The ride actually turned out to be quite pleasant – I was pretty nervous about how the GPS setup with my phone and my bike would work but it was actually pretty good. The male english voice I have set up on the GPS app has this polite quality to it that makes me think of it as a loyal, intelligent butler that finds me the best roads and generally guides me, the kind of fool who would decide to go on a 5 month bike trip by himself, around. Hence I’ve christened him “George”. The bike itself remains unnamed though – I’ll think of something eventually.
Setting the GPS to avoid motorways actually turned out to be a pretty good way to find decent roads – I had a few hours of spectacular riding through sunshine and bright green fields of the land just north of London. Unfortunately though, because I’d started so late I eventually had to resort to the motorway, and spent most of the day on the slab.
The fun thing about having so much crap on the back of the bike is that its weight is more biased more to the back now, which is probably worse for cornering but so much better for accidental wheelies. After muddling my way through paying the toll on the M6, I frustratingly gunned the throttle and ended up wheelieing the first 100m from the tollbooth, which is really the coolest way I can think of for exiting a tollbooth.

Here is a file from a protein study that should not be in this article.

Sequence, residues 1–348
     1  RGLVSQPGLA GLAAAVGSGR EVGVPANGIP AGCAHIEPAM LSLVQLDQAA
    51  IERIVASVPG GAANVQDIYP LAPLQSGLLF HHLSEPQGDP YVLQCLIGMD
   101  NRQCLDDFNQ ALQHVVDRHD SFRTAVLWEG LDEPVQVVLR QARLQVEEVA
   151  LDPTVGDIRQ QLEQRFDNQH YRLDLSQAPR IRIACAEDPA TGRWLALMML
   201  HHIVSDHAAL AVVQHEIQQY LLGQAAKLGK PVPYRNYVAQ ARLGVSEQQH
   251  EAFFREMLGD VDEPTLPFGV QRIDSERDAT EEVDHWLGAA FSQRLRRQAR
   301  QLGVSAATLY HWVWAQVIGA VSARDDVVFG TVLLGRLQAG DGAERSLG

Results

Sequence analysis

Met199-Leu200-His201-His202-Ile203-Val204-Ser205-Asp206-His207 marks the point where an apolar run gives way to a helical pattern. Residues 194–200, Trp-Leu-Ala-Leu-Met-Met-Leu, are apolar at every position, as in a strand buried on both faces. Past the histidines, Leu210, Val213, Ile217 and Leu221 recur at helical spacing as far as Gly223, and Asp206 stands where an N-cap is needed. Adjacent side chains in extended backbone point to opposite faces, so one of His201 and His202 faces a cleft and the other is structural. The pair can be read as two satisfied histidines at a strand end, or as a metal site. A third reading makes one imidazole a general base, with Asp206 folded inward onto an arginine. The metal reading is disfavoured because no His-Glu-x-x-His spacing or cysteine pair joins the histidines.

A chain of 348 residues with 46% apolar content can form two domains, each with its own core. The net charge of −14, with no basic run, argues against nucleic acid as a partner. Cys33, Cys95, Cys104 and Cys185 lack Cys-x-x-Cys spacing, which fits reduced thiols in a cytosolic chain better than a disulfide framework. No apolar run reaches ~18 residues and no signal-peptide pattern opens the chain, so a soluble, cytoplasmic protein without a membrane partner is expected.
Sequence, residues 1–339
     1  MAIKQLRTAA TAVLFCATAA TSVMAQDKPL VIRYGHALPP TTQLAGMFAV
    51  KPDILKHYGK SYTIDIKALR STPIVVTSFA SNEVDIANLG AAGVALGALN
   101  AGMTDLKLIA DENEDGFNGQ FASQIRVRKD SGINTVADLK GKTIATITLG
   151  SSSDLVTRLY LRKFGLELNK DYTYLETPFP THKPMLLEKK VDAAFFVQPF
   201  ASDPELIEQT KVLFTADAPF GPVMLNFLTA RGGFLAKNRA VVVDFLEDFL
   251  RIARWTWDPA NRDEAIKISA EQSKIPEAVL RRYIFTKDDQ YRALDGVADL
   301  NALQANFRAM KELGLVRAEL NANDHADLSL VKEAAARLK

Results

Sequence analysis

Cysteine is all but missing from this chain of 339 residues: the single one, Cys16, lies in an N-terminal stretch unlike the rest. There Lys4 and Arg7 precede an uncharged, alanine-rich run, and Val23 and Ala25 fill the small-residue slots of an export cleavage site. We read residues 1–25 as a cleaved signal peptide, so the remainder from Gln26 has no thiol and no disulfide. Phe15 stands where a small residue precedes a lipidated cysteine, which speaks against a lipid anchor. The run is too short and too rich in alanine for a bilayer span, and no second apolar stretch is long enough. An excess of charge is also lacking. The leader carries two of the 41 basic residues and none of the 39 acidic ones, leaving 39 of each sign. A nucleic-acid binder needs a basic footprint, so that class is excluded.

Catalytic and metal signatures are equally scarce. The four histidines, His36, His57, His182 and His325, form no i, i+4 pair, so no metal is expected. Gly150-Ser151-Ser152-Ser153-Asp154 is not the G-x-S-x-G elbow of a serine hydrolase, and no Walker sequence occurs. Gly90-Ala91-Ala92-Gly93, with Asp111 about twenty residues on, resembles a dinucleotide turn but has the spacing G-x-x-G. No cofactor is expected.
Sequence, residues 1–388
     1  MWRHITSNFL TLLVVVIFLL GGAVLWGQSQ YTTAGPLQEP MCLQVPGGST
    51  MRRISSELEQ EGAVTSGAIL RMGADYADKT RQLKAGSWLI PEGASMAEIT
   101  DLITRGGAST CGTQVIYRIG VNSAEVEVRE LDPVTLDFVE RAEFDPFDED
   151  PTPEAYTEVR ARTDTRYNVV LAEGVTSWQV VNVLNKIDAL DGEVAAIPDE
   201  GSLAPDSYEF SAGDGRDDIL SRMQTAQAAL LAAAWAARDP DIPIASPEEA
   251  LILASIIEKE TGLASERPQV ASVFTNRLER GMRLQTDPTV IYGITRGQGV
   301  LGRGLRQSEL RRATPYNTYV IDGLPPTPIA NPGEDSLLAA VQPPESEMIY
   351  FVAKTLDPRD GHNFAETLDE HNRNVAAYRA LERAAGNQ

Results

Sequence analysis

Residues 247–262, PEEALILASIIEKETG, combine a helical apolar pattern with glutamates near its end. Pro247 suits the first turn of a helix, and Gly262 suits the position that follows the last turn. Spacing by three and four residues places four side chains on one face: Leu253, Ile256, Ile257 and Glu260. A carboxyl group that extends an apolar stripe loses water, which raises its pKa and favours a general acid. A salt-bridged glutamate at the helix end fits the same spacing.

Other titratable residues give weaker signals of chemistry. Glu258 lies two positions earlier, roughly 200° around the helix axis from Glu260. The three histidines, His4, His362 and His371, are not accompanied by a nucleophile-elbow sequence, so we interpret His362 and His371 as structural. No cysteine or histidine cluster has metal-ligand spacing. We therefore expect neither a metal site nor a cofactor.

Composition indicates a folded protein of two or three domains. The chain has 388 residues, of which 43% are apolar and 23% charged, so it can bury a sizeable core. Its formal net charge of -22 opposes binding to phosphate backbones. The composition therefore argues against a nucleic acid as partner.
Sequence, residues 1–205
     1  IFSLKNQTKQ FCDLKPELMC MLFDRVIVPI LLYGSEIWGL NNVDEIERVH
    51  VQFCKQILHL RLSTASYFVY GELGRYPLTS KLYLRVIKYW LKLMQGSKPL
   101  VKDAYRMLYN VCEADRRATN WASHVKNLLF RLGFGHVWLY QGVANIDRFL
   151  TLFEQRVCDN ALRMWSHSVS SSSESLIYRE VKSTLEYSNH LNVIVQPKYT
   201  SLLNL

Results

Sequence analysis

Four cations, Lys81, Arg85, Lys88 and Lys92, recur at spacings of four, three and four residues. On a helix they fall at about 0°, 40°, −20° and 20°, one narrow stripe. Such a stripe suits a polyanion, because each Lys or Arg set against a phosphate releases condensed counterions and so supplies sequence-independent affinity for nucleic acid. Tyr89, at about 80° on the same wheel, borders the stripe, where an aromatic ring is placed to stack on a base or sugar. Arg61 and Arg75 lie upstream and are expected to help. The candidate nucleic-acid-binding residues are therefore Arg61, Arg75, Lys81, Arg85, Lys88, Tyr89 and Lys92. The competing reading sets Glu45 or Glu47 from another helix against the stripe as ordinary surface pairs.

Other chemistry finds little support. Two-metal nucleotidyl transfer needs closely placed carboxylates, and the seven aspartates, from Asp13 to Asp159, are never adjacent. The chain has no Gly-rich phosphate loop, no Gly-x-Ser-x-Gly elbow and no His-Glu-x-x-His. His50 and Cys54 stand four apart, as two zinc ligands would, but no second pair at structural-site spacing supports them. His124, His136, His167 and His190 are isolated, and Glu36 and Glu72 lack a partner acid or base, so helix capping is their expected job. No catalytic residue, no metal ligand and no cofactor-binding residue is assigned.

The rest of the ride north was pretty unremarkable until I got to YHA Windermere, which is where I was staying. I pulled up to the carpark, got off the bike… and the view was like this:
The hostel wasn’t the most exciting of places, but it was a nice break from the chaos of London. The Lake District is
famous for its walking trails, so I strapped on the hiking boots that were taking up so much space in my luggage and walked and walked. I’ve got to say, the views here are *incredible*. It’s the sort of England that you see in movies like the Chronicles of Narnia and think “yeah, no way anywhere still looks like that – it’s all concrete, steel and glass.
Walking around reminded me of trekking in Nepal – postcards everywhere you look. The great thing is that there’s this
public bridleway system that allows people to walk across private land (particularly farms), so you walk through forest and up hills and through fields and over fences and so forth, taking in the views. The other cool thing was that this being spring, the fields were full of cute little lambs that’d run away as I walked past. With the perfect weather it was like some kind of pastoral paradise.
I know a song that'll get on your nerves, get on your nerves, get on your nerves
At the end of the day I found that as it was a Sunday night, the hostel was almost completely empty and I had my 4-bed dorm to myself, allowing myself to spread out everywhere. Unfortunately the spreading out everywhere resulted in me losing a tonne of stuff when I moved out but it was nice for a few days. So basically I was able to spread out, drink tea and soak up the serenity.
On the second day I took the panniers off the bike, gave George the GPS a route I’d found on the internet and went for a proper ride, and it was great. Endless narrow winding roads with amazing views – unfortunately my GoPro setup was a bit fail so I haven’t got many action shots, but I did stop quite a few times just for a photo. I’ve got to say, the Versys is perfect for buzzing through these tiny bumpy roads – you’ve just got to be careful of cars coming the other way :-/. The other great thing about the lakes is that one second you’re riding alongside a pristine lake, the next thing you’re climbing a winding mountain pass, and the next you’re sweeping through farmland on a plateau. It’s very varied and very beautiful.